Researchers at The University of Western Australia and the Western Australian Institute for Medical Research (WAIMR) have revealed a ground-breaking new molecular structure formed by two human proteins involved in turning genes on and off in cancer.
The combination of structural biology studies carried out at the Australian Synchrotron (Clayton, VIC) and high-resolution microscopy studies carried out at WAIMR, explains not only how the proteins can act together but also where in the cell they act.
Lead author Professor Charlie Bond, from UWA's School of Chemistry and Biochemistry, said that while previous studies had shown the importance of these proteins to cells and cancers, this is the first time researchers had a picture of what they look like.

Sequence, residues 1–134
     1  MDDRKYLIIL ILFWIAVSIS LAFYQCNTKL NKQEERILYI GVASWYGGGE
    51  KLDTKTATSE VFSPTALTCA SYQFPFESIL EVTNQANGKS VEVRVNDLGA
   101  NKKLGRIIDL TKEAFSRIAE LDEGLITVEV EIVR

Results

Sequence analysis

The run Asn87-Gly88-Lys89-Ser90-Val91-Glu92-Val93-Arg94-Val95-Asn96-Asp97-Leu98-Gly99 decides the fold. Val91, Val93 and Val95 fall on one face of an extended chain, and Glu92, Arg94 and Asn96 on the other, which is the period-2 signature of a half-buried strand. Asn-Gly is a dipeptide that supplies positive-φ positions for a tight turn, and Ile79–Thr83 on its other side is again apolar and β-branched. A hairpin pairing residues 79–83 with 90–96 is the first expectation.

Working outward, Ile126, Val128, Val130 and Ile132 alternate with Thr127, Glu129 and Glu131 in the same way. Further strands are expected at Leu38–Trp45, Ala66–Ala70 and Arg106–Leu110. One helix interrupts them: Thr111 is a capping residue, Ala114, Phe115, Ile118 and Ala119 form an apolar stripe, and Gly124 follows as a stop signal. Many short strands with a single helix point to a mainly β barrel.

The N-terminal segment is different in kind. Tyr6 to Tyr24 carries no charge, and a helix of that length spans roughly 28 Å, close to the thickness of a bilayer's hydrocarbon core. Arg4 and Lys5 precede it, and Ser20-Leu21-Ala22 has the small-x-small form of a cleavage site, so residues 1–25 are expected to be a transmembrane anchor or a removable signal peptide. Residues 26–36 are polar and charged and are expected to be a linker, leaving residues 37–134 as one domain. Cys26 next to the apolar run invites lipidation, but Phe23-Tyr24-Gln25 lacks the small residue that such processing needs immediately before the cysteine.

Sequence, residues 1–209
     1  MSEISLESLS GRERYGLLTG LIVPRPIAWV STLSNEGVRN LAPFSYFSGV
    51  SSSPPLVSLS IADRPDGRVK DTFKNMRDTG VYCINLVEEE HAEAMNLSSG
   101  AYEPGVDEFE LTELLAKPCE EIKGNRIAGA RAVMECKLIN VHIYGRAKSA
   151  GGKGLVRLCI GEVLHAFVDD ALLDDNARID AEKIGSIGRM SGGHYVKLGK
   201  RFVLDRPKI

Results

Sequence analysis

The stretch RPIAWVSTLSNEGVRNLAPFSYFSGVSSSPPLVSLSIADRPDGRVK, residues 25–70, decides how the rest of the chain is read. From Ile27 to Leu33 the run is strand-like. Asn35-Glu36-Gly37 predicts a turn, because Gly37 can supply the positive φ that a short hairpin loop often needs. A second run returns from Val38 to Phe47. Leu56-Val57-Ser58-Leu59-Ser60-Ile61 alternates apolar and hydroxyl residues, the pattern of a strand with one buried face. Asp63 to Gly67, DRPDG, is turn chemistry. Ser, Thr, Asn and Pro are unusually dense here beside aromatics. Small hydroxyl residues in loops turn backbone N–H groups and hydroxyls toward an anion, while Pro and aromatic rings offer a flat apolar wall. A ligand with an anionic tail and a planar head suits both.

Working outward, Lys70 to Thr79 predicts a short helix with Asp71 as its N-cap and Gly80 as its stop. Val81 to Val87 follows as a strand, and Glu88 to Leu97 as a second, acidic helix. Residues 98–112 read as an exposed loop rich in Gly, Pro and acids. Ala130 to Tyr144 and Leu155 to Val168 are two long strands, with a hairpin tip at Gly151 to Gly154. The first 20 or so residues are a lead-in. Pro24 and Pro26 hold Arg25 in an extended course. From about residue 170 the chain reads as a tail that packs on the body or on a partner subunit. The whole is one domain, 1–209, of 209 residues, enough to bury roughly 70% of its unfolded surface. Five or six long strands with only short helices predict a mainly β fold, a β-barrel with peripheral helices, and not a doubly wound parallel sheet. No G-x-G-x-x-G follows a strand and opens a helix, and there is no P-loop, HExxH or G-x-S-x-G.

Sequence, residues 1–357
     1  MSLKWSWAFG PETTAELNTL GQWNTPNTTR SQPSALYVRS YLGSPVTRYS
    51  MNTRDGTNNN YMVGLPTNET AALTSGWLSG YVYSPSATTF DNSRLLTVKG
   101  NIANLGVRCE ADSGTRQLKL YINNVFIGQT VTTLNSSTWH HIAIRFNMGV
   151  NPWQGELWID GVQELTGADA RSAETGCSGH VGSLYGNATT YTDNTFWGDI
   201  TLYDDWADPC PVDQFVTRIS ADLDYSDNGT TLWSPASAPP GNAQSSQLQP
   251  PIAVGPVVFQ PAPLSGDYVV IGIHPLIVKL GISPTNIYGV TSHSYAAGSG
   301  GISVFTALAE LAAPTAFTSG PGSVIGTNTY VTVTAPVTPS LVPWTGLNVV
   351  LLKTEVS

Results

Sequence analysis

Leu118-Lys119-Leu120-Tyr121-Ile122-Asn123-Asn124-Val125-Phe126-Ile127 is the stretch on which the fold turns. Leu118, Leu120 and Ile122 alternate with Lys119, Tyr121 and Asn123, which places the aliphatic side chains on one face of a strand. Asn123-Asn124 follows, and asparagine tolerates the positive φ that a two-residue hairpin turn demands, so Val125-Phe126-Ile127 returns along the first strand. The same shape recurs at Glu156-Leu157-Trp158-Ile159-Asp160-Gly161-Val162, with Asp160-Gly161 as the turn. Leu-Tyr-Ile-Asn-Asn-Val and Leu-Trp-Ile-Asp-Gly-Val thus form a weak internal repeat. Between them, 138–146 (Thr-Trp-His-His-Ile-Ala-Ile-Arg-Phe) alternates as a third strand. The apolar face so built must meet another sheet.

"Proteins in our cells are like very tiny machines," Professor Bond said. "In order to understand how they work and develop drugs against them, we have to magnify them. By combining microscopy and a sophisticated technique called crystallography, we have been able to observe the detailed atomic structure of NONO and PSPC1, and their location in the cell."
Co-author Dr Archa Fox, from WAIMR, added, "This is an important finding because it is the first step towards developing drugs that could change the way these proteins work. However, more work is required to show how they might be targeted by new cancer drugs."
The proteins NONO and PSPC1 are found in a part of the human cell called a paraspeckle, discovered by Dr Fox in 2001. The work relied heavily on contributions from UWA PhD student Daniel Passon and research fellow Mihwa Lee, who were able to access the Australian Synchrotron's world-class Macromolecular Crystallography and Small-angle X-ray Scattering facilities.